King County, Washington Regional Hazard Mitigation Plan Update
The King County, Washington Regional Hazard Mitigation Plan reflects a partnership between the County and 55 different cities, schools, fire districts, hospitals and utility districts throughout the County to identify and mitigate the impacts of disasters - including the impacts of climate change. In 2015, the final updated plan was approved by Washington State and FEMA. Federal compliance rules require this plan be updated every five years.
The plan includes all federally required elements of a disaster mitigation plan, including the description of the planning process, public involvement strategy, goals and objectives, countywide hazard risk assessment, countywide mitigation actions, and a plan maintenance strategy. The focal impacts of the strategy are each given a chapter which includes the hazard profile, and assessment of exposure, vulnerability, and future trends. The impacts assessed for King County include: Avalanche, Dam Failure, Earthquake, Flood, Landslide, Severe Weather, Severe Winter Weather, Tsunami, Volcano, and Wildfire.
Chapter 7, Climate Change Considerations for Hazard Mitigation, tracks a series of indicators for local climate impacts, assessing the severity of each for the region. The impacts discussed as resulting from climate change in the region include: higher average large lake temperatures, reduced summer stream flows, increased rainfall, sea level rise, increased air temperature, declining snow pack, warming sea surface temperatures, ocean acidification, increased mortality rate from extreme heat, and worsening air quality. Other focal impacts worth explaining in more detail here include:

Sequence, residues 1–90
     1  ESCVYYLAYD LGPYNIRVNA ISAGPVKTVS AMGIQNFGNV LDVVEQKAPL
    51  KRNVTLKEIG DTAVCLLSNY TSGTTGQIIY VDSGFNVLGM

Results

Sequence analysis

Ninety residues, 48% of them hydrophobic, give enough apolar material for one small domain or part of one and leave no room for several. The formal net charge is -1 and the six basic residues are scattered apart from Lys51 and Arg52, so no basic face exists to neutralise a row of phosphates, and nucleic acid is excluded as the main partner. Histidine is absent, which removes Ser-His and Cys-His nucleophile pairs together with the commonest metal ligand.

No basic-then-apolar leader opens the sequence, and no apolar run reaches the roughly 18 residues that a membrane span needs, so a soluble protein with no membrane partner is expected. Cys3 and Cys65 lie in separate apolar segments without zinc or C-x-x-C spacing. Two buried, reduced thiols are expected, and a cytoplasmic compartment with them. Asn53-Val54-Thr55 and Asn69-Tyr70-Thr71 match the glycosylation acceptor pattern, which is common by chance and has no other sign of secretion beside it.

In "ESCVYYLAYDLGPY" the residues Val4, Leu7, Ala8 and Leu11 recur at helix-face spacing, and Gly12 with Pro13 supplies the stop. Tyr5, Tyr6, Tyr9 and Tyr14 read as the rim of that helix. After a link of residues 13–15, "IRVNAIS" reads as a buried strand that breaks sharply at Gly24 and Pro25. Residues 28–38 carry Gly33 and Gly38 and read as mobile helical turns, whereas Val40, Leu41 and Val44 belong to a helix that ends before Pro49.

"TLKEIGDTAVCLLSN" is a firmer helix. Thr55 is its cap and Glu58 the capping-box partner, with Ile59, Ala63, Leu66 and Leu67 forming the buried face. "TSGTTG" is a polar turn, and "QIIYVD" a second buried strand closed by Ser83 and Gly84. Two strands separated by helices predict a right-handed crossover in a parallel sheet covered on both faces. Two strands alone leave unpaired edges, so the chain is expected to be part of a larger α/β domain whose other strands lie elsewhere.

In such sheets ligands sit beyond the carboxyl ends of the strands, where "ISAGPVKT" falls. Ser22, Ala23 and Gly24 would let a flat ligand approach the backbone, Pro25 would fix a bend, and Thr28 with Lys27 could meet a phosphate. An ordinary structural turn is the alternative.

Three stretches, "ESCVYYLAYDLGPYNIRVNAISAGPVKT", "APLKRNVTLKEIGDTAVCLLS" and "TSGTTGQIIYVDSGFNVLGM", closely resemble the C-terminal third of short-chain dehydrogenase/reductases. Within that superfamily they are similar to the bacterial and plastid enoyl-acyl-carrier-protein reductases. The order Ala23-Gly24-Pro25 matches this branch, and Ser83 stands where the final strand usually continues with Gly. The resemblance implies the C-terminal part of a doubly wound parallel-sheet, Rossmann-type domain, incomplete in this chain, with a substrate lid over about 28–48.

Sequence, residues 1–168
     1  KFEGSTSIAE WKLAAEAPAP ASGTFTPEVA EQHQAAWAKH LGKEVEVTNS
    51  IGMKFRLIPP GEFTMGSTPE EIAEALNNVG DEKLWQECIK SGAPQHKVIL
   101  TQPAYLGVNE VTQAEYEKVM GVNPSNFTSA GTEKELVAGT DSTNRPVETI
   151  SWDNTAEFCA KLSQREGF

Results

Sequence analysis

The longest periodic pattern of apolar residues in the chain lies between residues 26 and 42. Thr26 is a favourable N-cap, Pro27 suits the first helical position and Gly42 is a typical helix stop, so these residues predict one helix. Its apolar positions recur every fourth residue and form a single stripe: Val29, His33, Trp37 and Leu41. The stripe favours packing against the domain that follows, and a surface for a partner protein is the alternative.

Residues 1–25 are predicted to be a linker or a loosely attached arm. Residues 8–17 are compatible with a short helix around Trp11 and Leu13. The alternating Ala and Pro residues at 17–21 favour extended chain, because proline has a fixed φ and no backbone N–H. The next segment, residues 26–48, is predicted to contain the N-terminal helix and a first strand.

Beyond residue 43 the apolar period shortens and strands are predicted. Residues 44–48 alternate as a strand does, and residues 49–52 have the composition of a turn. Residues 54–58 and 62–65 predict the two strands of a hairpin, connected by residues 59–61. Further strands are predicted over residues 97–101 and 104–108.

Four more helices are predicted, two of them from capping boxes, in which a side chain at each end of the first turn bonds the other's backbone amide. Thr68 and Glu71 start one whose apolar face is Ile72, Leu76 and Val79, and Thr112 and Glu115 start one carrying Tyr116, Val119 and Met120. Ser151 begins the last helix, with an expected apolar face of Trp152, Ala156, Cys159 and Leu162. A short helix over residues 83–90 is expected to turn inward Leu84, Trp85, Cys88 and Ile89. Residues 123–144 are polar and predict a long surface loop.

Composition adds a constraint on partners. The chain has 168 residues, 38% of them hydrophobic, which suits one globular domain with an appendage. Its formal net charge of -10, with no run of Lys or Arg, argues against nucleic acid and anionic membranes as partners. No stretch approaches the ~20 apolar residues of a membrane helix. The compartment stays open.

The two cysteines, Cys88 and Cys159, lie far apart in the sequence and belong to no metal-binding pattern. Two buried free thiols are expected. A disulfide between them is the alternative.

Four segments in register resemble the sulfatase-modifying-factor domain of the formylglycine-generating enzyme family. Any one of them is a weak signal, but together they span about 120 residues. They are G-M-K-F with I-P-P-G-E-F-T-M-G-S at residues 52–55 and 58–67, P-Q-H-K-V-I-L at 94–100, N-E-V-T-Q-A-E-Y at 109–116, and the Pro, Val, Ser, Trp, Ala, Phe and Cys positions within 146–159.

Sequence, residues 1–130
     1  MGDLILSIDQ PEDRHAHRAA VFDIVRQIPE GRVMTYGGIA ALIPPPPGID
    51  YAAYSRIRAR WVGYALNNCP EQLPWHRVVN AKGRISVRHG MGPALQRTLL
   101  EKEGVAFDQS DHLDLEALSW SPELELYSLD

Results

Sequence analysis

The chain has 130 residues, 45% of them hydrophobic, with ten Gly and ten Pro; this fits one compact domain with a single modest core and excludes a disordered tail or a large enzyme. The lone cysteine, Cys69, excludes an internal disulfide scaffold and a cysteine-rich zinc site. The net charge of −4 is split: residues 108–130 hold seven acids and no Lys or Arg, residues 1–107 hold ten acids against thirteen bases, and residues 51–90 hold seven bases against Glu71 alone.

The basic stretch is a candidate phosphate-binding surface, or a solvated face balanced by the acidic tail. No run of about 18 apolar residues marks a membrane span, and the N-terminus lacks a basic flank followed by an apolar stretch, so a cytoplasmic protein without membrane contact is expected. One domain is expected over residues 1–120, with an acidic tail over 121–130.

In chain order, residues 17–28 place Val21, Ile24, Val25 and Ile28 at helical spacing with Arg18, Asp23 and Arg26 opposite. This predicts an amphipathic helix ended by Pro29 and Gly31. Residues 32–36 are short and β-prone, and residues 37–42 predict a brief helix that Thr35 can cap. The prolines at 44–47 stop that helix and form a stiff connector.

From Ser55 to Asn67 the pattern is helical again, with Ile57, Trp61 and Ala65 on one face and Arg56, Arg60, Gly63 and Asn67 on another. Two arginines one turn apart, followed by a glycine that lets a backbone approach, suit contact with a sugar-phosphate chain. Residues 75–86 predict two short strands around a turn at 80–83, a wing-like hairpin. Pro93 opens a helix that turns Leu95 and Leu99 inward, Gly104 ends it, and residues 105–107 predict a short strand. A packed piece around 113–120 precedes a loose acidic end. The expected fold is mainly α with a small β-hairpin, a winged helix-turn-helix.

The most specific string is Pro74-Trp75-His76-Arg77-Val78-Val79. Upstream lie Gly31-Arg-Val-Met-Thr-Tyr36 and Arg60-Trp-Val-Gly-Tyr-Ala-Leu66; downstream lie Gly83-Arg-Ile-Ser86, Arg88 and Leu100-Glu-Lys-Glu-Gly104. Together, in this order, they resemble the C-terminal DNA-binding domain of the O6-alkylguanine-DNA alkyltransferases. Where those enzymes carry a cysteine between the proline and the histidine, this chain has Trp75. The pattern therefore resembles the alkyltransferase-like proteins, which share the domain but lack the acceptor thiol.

- Stream temperatures rising, and the majority exceeding a raise of at least 16°C temperature standard established for the protection of salmon habitat.
- County Operations - Over the period for which data is available (since 2007), data show a trend in increasing hours of operation of the King County Flood Warning Center.
- FEMA disasters - Flood, severe storm and coastal storm related FEMA disasters in King County have been occurring more frequently in the past decade.
- Fish - Wild juvenile chinook salmon abundance in King County watersheds has been decreasing with population estimates in 2010 far below the recovery goals, at only 7% of the recovery target.
Section 7.6 in this chapter looks at the potential impact of climate change on each of the plan’s focal hazards. This overview is meant to serve as a basis for evaluating how risk will change as a result of future climate change impacts.
Publication Date: November 2014
- King County, Washington
- Plans (other)